Breakdown of the infrastructure plan from the Wall Street Journal

The plan also allocates around $400 billion and $213 billion to home care services and housing, respectively. These investments will allow for greater support to those on Medicaid or on the waiting list for Medicaid, as well as support for home health workers and the people they serve. Investments in housing will lead to more energy-efficient and affordable housing.

The plan sets aside $100 billion for improving internet access across the country, and $111 billion has been allocated to improving water systems, including in rural areas. A crucial aspect of this is Biden’s goal to replace all lead pipes across the country, which would help reduce lead exposure for millions of people.

For students and young adults, a particularly noteworthy aspect of the bill is the $100 billion invested in workforce development, part of which includes numerous job training programs, career pathway programs for middle and high school students, and community college programs. Biden also plans on investing $100 billion in schools across the country, including $12 billion for community colleges.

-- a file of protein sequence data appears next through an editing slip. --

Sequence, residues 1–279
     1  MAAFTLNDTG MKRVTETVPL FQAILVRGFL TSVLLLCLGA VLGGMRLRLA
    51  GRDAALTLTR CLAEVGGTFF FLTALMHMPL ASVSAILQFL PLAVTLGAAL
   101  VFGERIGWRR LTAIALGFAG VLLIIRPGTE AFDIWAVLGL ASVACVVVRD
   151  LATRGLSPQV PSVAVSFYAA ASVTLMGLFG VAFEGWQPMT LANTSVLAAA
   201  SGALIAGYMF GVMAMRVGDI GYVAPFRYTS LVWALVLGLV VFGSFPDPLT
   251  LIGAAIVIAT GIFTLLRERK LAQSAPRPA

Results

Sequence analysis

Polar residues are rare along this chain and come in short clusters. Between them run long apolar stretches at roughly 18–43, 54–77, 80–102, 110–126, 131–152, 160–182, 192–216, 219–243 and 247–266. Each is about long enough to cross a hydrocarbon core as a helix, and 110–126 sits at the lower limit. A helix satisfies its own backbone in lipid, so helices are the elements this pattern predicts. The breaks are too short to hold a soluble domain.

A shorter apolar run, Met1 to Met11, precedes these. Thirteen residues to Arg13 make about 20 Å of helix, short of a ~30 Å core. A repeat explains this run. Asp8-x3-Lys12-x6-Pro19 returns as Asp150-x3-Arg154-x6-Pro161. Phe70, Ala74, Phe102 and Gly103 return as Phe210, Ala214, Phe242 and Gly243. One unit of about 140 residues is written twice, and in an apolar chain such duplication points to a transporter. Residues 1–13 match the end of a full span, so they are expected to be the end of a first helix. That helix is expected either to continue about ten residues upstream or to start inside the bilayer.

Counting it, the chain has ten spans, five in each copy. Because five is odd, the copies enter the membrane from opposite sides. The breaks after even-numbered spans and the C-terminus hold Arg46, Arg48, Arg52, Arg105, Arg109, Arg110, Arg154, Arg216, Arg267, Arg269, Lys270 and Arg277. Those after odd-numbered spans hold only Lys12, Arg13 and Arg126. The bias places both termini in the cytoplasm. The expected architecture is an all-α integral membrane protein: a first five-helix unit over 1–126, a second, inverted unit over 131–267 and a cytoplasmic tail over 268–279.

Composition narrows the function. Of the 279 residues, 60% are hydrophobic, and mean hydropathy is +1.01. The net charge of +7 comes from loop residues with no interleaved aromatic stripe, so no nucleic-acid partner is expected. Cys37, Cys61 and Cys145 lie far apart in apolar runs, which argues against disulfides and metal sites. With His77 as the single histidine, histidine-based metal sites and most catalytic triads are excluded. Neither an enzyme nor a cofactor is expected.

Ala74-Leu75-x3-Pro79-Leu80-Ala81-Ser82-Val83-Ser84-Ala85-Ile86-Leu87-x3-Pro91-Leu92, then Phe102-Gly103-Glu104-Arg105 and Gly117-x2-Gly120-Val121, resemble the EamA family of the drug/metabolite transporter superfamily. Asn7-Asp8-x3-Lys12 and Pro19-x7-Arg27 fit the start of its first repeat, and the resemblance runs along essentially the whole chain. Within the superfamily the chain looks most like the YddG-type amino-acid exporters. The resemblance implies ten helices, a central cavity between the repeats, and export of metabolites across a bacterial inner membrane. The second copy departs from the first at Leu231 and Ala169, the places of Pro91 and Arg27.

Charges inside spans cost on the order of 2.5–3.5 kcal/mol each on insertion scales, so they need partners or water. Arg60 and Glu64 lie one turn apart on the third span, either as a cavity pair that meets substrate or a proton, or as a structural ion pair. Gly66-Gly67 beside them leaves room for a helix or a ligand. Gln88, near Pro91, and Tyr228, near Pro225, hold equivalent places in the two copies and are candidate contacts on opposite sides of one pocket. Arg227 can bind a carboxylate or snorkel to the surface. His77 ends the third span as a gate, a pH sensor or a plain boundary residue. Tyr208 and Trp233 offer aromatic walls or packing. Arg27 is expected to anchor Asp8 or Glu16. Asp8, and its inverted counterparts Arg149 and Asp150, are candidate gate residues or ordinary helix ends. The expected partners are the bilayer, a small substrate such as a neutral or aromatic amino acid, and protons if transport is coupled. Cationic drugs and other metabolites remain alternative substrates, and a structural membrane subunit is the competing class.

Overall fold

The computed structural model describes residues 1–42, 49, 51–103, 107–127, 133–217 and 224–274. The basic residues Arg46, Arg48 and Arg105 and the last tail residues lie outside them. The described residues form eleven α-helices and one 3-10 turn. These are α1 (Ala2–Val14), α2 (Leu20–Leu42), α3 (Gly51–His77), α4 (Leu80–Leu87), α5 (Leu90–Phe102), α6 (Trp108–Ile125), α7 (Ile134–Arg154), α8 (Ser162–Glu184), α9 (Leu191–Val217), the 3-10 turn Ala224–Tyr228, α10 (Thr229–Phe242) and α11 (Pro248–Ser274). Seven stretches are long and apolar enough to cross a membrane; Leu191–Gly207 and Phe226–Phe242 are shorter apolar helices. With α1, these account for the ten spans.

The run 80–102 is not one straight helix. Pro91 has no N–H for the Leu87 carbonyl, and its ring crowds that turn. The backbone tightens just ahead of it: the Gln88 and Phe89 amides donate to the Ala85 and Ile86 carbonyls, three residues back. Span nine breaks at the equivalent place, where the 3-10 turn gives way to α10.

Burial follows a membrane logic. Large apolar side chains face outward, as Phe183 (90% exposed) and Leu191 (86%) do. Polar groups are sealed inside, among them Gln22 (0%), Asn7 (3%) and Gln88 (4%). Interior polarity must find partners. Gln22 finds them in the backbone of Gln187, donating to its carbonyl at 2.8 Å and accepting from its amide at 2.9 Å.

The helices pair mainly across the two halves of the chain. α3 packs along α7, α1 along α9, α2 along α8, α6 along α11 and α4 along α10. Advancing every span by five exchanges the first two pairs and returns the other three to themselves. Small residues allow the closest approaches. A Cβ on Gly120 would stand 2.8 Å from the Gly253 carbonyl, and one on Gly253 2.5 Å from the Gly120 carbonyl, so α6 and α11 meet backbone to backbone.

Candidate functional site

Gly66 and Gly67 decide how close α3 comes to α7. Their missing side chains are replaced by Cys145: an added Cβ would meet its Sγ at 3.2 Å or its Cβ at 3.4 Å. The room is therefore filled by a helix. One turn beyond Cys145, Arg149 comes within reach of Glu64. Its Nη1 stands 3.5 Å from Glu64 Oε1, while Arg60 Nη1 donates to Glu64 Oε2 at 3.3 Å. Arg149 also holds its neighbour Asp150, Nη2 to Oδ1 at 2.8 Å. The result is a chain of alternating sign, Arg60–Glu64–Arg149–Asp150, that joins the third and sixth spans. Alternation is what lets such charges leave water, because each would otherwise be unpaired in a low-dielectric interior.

A key pillar of the American Jobs Plan is a powerful response to the climate crisis, and Biden has touted the plan as a crucial aspect of America’s fight against climate change. In addition to the numerous investments in eco-friendly infrastructure and environmental justice initiatives, the American Jobs Plan sets standards for coal and gas electricity use in corporations as a way to mitigate carbon emissions. 

Although the cost of the American Jobs Plan is staggering, the Biden administration insists the proposal can be paid for sustainably. The plan mainly calls for investment through means such as raising the corporate tax rate by 7%, as well as other strong taxes on corporations and tax minimums for large corporations.

Both Democrats and Republicans believe that America’s infrastructure requires serious investment; however, the question of how much money to spend and where to spend it is causing great divisions between the two parties.